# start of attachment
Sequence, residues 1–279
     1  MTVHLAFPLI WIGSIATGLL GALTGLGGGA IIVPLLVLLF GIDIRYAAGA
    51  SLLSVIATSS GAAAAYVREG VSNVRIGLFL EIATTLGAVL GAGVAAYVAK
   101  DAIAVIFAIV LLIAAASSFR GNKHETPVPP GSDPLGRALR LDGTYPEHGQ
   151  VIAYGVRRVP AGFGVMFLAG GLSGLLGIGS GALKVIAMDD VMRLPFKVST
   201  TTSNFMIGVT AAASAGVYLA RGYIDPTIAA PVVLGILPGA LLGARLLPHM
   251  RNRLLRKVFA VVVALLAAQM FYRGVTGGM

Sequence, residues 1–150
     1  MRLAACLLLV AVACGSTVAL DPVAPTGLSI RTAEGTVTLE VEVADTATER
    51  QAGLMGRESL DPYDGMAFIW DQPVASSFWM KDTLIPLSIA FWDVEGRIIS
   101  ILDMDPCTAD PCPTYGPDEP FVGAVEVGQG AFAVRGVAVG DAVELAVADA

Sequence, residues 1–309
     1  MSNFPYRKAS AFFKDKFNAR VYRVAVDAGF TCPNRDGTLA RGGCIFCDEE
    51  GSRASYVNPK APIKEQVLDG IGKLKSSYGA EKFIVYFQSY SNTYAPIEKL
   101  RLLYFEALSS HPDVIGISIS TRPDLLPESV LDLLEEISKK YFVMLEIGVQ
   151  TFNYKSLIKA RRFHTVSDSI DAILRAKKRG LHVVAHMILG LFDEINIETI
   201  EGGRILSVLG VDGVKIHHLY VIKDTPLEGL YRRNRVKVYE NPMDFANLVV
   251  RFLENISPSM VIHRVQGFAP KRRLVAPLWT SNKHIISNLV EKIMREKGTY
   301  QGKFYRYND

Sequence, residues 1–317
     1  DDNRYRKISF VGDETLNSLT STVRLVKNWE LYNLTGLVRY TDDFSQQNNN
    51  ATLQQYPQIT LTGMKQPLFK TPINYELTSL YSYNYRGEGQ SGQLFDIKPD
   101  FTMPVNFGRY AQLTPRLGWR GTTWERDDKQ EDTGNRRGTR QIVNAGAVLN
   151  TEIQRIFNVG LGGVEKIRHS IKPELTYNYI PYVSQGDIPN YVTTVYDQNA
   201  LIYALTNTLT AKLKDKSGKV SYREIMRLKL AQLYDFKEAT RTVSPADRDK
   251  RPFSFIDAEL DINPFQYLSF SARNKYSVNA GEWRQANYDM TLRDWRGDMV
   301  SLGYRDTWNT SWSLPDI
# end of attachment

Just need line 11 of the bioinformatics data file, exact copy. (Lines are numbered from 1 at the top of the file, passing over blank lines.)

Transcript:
   101  ILDMDPCTAD PCPTYGPDEP FVGAVEVGQG AFAVRGVAVG DAVELAVADA